For a dog like Sunny the prognosis is not as hopeful compared to others. There are some aspects of brain development that given the information and resources we have now, are immutable. During periods of development there are brain cells which are primed and ready to learn the job they were designed to do. And although there is evidence that other brain cells can step up to the plate if certain specialized cells are missing or damaged, it may be difficult or impossible for us to know how to encourage this to happen. An example of how the lack of stimulation during brain development causes life long deficits is the gruesome, but informative study done on kittens, which showed that after having one eye sewn shut during early months of development, that eye, when finally exposed to visual stimuli remained blind, though the structure of the eye itself was not damaged. The nerves and brain cells which would have been devoted to sight in that eye moved to the other eye and did their job there instead.
For dogs the sensitive periods of brain development during which the dog learns social skills both with dogs and people, and the ability to deal with novelty and changes in their environment, occur early in their lives. By the age of 4 months a puppy is already seeing this window of opportunity begin to close. There is also evidence that some patterns and responses, once established, will be difficult or impossible to change. Imagine how successful you’d be at learning not to startle when exposed to loud crashes occurring at random times. On a more positive note, brains are more plastic than ever imagined and so continuing to work with a fearful dog, in ways that promote the development of new pathways of information in their brains, may lead to positive changes in a dog’s behavior.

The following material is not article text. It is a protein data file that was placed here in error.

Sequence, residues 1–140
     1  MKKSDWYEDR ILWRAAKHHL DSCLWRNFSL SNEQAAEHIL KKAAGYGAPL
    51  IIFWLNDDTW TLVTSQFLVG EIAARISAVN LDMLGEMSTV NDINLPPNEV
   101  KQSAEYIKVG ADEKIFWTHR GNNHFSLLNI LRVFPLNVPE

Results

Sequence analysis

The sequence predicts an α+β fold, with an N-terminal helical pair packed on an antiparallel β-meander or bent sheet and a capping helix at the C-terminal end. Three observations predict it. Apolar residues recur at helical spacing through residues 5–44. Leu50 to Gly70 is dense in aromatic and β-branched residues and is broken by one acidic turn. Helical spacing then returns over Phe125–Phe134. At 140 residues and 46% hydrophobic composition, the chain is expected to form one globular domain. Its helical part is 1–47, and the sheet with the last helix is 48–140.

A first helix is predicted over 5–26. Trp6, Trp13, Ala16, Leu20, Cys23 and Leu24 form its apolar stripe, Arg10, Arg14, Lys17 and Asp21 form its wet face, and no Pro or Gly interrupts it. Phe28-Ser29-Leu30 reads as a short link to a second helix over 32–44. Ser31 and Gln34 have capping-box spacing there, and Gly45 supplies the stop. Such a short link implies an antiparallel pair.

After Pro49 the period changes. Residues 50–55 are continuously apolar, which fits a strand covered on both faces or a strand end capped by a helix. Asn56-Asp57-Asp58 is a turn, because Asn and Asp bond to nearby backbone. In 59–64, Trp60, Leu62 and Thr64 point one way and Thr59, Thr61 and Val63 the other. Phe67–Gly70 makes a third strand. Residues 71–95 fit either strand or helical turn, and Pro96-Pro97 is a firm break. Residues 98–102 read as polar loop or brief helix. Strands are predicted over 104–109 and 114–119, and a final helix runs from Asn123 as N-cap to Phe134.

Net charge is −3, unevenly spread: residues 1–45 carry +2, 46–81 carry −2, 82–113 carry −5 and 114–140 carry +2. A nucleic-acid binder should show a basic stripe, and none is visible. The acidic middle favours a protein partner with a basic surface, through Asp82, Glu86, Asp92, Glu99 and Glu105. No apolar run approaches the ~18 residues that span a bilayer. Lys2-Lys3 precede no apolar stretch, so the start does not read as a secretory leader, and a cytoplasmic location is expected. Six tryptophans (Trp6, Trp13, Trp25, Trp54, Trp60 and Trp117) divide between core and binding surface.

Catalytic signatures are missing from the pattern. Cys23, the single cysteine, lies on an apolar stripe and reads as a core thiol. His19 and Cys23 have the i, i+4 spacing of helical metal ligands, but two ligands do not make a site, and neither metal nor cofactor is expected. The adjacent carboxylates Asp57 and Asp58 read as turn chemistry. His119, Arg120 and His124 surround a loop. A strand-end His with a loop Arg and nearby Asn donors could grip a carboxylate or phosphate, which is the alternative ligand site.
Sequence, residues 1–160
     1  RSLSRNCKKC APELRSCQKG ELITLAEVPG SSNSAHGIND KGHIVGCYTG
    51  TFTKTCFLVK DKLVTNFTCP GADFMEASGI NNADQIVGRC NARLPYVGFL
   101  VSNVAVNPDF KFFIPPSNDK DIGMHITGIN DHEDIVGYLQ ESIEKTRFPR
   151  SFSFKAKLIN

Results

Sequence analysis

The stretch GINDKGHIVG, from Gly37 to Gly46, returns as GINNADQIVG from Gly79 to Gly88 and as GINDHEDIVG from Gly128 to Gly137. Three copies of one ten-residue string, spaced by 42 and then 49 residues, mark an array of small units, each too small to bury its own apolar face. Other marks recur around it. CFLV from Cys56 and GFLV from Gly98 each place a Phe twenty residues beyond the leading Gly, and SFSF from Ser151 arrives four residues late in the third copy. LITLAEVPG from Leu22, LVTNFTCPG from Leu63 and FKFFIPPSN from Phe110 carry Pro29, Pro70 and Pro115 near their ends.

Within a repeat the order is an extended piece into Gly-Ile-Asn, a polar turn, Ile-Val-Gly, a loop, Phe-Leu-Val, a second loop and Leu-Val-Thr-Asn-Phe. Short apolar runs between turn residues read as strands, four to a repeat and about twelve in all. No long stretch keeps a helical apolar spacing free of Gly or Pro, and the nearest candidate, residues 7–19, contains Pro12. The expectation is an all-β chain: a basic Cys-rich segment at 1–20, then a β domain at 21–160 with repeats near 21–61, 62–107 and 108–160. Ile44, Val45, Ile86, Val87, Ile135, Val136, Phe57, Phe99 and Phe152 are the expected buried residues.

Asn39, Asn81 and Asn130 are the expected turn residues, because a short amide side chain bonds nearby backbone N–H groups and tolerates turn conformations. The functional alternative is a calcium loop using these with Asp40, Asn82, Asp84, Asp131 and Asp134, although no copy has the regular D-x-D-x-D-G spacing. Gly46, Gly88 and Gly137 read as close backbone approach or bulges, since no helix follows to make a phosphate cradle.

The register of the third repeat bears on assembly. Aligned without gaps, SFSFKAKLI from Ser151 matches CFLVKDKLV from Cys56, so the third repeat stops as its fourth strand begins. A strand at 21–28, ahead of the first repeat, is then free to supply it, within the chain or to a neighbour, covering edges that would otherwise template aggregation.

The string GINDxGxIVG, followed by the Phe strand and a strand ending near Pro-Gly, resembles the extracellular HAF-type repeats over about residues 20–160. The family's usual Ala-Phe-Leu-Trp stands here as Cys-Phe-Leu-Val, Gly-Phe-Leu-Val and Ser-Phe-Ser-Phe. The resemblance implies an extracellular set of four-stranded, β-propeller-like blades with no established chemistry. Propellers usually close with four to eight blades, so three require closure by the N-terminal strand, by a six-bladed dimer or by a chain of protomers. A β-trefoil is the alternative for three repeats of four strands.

How a dog is exposed to stimuli and how they are allowed to process it is important. In much the same way that someone learning to play the piano is likely to become more skilled by having the opportunity to learn to move their fingers on their own, rather then having someone push down on them to show them the right notes, a dog which is given the opportunity to work out the correct behavior on their own can end up with a different set of skills compared to a dog forced into performing a behavior.
Sunny has proven to be a quick study when it comes to learning new behaviors and tricks when he’s not anxious. He has developed skills which can help him cope until we can lower the intensity of a trigger. I have also learned the difference between when he is coping or merely surviving in a situation. I know when I can ask more from him and when I need to lower the pressure on him. Like most dogs I think that Sunny mainly wants to feel safe and have fun. My goal continues to be providing him with the opportunities for both while new skills are learned on the coat tails of security and a balletic midair catch of a frisbee.